Sunday, October 22, 2006

The Bird and the Bee

44. Camp proposes a comic vision of the world. But not a bitter or polemical comedy. If tragedy is an experience of hyperinvolvement, comedy is an experience of underinvolvement, of detachment.

45. Detachment is the prerogative of an elite; and as the dandy is the 19th century's surrogate for the aristocrat in matters of culture, so Camp is the modern dandyism. Camp is the answer to the problem: how to be a dandy in the age of mass culture.

54. The experiences of Camp are based on the great discovery that the sensibility of high culture has no monopoly upon refinement. Camp asserts that good taste is not simply good taste; that there exists, indeed, a good taste of bad taste.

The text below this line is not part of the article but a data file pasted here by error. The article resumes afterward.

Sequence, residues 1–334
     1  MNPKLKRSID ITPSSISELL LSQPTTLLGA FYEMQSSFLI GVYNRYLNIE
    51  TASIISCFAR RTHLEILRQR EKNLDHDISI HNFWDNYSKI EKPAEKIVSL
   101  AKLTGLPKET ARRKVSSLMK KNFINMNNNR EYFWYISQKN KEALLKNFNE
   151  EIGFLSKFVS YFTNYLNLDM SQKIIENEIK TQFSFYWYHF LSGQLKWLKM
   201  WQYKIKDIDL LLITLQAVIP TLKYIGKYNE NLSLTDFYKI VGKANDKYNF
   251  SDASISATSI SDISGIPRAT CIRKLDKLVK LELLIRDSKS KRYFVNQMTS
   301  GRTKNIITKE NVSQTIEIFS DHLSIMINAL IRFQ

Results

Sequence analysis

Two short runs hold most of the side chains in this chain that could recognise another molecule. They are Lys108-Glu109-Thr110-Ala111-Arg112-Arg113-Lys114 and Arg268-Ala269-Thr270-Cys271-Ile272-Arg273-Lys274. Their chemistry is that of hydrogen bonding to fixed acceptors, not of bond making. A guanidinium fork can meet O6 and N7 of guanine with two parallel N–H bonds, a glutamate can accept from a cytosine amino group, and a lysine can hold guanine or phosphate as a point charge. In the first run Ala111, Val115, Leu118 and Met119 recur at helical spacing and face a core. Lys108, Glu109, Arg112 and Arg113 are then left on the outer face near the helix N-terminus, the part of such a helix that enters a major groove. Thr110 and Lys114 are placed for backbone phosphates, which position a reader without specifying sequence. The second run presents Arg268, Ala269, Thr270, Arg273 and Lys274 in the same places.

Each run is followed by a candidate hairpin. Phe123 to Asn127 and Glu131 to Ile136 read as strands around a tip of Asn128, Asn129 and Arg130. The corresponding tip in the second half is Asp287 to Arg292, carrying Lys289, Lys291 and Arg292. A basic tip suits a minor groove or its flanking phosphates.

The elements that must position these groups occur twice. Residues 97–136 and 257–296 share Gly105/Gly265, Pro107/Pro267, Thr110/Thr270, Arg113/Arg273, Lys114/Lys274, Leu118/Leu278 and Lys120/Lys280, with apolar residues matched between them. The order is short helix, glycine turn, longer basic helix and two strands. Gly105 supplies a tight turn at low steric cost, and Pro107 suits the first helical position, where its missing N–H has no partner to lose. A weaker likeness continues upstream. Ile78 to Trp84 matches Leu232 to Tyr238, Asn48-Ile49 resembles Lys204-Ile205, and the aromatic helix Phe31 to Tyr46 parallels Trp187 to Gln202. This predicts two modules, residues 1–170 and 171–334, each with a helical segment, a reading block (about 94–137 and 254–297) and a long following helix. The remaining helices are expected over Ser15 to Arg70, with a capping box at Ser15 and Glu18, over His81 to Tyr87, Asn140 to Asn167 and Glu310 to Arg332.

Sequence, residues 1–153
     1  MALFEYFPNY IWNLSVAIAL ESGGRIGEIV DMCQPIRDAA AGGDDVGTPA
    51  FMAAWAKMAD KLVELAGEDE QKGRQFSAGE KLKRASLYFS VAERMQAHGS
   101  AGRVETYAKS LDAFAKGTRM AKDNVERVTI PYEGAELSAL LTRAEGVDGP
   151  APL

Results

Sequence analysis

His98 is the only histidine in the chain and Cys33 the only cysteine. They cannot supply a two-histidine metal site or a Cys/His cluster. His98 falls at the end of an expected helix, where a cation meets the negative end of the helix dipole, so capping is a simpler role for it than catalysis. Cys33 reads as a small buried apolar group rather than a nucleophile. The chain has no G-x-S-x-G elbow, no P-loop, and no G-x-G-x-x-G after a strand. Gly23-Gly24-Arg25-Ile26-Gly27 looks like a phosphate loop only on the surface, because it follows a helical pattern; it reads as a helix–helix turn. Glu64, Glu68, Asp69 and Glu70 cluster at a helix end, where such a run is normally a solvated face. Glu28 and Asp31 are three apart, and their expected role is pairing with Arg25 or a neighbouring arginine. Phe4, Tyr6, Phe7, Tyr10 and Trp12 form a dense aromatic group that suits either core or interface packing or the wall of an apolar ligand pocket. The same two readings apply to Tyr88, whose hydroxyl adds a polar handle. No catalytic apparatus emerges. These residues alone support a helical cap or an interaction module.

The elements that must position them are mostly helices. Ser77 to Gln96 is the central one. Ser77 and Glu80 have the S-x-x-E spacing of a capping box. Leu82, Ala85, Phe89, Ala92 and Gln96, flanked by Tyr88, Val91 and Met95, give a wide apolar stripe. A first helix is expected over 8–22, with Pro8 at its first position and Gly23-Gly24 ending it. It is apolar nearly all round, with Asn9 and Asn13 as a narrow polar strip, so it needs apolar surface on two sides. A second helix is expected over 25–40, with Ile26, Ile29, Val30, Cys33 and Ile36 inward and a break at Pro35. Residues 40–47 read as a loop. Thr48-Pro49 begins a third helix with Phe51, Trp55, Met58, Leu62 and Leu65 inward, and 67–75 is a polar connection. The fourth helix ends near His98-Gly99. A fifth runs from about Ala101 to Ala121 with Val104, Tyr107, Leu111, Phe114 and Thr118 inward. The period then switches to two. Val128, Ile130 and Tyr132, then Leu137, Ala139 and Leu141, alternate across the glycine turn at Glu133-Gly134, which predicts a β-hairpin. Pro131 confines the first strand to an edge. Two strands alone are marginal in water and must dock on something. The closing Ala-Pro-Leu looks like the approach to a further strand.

55. Camp taste doesn't propose that it is in bad taste to be serious; it doesn't sneer at someone who succeeds in being seriously dramatic. What it does it to find the success in certain passionate failures.

56. Camp taste is a kind of love, love for human nature. It relishes, rather than judges, the little triumphs and awkward intensities of "character."...Camp taste identifies with what it is enjoying. People who share this sensibility are not laughing at the thing they label as "a camp," they're enjoying it. Camp is a tender feeling.

Susan Sontag, Notes on "Camp"


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